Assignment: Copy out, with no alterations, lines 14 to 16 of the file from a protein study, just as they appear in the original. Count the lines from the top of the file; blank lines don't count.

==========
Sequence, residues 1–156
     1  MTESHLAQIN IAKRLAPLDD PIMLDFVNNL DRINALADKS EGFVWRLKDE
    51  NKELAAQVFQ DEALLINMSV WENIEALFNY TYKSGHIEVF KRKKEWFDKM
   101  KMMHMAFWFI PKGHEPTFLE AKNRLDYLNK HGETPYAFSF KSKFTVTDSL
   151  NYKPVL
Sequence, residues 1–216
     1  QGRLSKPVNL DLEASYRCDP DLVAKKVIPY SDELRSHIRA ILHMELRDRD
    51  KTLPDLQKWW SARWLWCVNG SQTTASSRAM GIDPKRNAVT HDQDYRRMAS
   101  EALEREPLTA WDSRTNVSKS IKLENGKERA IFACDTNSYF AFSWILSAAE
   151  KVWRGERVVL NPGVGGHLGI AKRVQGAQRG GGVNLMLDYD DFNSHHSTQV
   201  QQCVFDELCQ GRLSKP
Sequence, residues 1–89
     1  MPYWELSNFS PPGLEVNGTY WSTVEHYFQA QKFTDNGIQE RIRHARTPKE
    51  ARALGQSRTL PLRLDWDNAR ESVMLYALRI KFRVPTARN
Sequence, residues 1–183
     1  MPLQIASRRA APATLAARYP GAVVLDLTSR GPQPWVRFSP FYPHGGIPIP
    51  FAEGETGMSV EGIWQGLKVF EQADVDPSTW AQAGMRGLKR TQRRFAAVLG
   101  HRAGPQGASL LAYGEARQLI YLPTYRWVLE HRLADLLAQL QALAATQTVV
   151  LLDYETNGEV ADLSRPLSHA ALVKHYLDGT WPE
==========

    51  ARALGQSRTL PLRLDWDNAR ESVMLYALRI KFRVPTARN
Sequence, residues 1–183
     1  MPLQIASRRA APATLAARYP GAVVLDLTSR GPQPWVRFSP FYPHGGIPIP